Thankfully, the show did not make it beyond its original episode order. News agencies picked up on the Category 8 ethics shitstorm that was about to hit CBS, and audiences turned on the show before it even aired. America’s reaction was reassuring, even if it doesn’t bode well for seeing a real-life Running Man in our lifetime. …
Behind The Scenes
When the Dutch newspaper NRC Handelsblad announced after an inquiry that its longtime China-based correspondent had fabricated parts of his recent stories, many Chinese news assistants working for foreign correspondents saw it as a vindication.
The newspaper had begun its probe after a social media post by the reporter’s news assistant, Zhang Chaoqun, sent shockwaves through China’s journalism community. Zhang wrote in a biting September post that he had been witness to the “dark art”of creating fake news, and then detailed several stories that he said contained made-up quotes, and other problems.
The 64-year-old reporter Oscar Garschagen, who had at first disputed the allegations, resigned. The Dutch newspaper, which had also criticized Zhang for tarnishing the name of a respected longtime correspondent, conceded there were problems with the articles that the former news assistant flagged.
For many of the journalists who work alongside foreign correspondents in China, as Zhang did, the saga also offered a stark reminder of their unacknowledged and often perilous position under the Chinese rules that govern their employment. On the one hand they get little recognition for their indispensable roles in helping to tell the world important stories about China, and are often barely known to the distant management of the papers they work for. …
An unsent text message with the words “my will” and a smiley face was a valid will cutting out a dead man’s wife and son, a court has ruled.
The family feud over the status of the text played out in the Queensland Supreme Court as the man’s brother and nephew asked for the message to be treated as his final will.
The 55-year-old man took his own life in October last year and the unsent text message was found on his phone the following day.
He wrote that his brother and nephew should “keep all that I have house and superannuation, put my ashes in the back garden”.
He said his wife should “take her stuff only she’s … gone back to her ex AGAIN I’m beaten”.
The man gave his bank details before signing off “my will” with a smiley face.
The man’s widow, supported by his son from a previous relationship, argued the text message should not be treated as his final will. …
Electric motors are coming whether we want them or not. So let’s not pout, but instead celebrate the ways in which electric vehicles actually outperform their conventional internal combustion engine-driven counterparts.
Coming at us again on this fine fall afternoon is Jason Fenske of Engineering Explained with a short and sweet video detailing the main performance benefits of an electric car over a conventional one.
His main points are actually fairly straightforward. The first is that EVs produce peak torque at zero RPM, meaning acceleration figures tend to be stellar. It’s because of that low end torque (and just generally high torque output across a large rev range), low inertia, and high redlines that electric motors tend to be mated to single-speed gearboxes instead of complex transmissions. This means less weight in the drivetrain, more reliability, and no drivability or acceleration sacrifices associated with shifts. …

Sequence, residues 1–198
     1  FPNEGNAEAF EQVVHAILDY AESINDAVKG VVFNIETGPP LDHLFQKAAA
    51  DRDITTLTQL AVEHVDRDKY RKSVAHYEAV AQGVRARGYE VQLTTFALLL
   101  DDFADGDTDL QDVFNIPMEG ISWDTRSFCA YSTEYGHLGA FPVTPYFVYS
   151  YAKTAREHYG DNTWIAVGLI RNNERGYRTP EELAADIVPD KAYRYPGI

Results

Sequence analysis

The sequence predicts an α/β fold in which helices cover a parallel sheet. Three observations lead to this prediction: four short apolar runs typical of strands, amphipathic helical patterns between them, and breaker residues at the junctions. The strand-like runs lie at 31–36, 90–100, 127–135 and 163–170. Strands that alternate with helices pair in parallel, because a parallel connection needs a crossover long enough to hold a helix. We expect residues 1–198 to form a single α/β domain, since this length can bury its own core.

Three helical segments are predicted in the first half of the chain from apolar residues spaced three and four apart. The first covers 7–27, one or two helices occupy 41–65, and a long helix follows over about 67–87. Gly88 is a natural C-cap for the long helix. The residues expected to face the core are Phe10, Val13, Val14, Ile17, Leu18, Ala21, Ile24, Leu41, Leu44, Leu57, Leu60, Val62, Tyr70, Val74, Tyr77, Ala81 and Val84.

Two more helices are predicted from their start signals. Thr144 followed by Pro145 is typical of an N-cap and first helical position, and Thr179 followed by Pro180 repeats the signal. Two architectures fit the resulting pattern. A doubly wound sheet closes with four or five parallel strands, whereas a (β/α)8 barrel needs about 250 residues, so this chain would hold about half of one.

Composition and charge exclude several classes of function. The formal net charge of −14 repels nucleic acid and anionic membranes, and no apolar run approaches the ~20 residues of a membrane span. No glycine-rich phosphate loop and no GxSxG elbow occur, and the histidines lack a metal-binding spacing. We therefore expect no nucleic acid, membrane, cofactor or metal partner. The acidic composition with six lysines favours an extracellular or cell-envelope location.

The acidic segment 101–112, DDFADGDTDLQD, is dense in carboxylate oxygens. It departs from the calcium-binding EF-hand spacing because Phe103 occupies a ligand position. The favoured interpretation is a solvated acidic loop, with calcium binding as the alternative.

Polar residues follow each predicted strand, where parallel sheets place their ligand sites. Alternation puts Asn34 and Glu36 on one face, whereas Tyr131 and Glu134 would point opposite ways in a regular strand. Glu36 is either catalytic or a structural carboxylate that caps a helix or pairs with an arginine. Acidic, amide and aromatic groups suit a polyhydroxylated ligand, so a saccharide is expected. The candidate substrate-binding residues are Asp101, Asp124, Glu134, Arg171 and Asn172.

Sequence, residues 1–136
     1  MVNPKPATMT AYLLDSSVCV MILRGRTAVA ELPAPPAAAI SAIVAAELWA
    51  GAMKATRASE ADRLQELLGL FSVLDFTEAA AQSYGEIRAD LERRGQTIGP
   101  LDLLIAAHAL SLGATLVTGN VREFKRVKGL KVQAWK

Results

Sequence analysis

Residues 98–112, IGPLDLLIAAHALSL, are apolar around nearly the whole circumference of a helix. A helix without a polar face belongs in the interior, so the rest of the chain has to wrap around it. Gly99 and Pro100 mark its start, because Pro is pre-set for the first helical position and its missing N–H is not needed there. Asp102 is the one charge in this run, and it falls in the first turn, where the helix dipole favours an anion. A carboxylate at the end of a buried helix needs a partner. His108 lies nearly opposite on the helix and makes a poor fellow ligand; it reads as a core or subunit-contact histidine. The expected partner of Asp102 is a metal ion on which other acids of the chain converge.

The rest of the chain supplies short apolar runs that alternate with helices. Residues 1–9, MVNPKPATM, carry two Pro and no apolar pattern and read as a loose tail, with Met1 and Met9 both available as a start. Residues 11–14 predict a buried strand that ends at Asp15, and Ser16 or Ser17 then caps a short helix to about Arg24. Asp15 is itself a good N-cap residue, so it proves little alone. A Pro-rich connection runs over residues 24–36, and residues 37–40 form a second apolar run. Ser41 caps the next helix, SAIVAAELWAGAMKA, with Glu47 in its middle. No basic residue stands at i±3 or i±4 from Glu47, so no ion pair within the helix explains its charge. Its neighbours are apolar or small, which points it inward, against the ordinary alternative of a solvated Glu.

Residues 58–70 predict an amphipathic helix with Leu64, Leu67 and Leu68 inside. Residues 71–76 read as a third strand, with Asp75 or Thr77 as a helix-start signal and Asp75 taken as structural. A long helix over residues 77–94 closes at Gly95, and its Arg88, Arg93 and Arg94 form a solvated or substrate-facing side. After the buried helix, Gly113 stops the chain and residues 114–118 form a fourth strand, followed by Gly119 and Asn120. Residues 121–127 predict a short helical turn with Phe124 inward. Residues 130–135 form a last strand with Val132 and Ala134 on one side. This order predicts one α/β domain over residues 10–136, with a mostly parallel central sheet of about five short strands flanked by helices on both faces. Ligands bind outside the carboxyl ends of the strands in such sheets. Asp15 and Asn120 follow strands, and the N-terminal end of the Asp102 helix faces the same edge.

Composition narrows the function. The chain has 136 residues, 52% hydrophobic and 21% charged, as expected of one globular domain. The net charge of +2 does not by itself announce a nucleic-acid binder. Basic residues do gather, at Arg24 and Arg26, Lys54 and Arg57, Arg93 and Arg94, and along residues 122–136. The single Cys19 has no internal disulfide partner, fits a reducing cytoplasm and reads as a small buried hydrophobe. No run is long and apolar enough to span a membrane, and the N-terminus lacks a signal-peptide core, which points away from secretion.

Around 40,000 people still die on American roads every year, but technology and data could change that.
Speed limits might make you feel safe, or incredibly frustrated, or both. But either way there’s a bigger issue at hand: they’re based on outdated data and science from the mid-20th century.
In the US, our speed limits are derived from old studies, like this one from 1964 by traffic systems researcher David Solomon that looked only at rural roads in the 1950s. In line with conventional thinking, Solomon’s study fuels the premise that speed limits should be based on the speed at which 85 percentM of the drivers on a road are maintaining. That means, if most cars on the highway are going 60 mph, that’s what determines the speed limit.
But with around 40,000 people dying in car accidents on American roads every year, something isn’t working, John Lower, a transportation engineer in California, told me. That includes the 85 percent formula, which traffic advocates have called for to be repealed. They’re calling instead for a data-driven system that reflects the actual traffic using sensor technology. In many cases, this will force us to drive slower.
Lower has spent decades as a city transportation manager, and now works at Iteris, an analytics company. He believes it’s time to reinvent the way we implement speed limits. “The way it works now, there are higher-than-expected crash rates along the system,” he said. …
Researchers collect a sample at the Werdhölzli wastewater treatment plant in Zurich, as part of an Eawag research project exploring the concentration of various metals in treated wastewater.
In Ticino, Switzerland, the streets aren’t paved with gold. But the sewage pipes are packed with it.
And across the country as a whole, some $3 million worth of gold and silver is thrown out in wastewater every year.
That is according to Swiss researchers who evaluated 64 municipal wastewater treatment plants across the country. Scientists have long known that small amounts of the valuable metals can wind up mixed in with sewage. In Switzerland, the researchers found, the small quantities add up — to more than 6,600 pounds of silver and nearly 100 pounds of gold, the researchers estimate.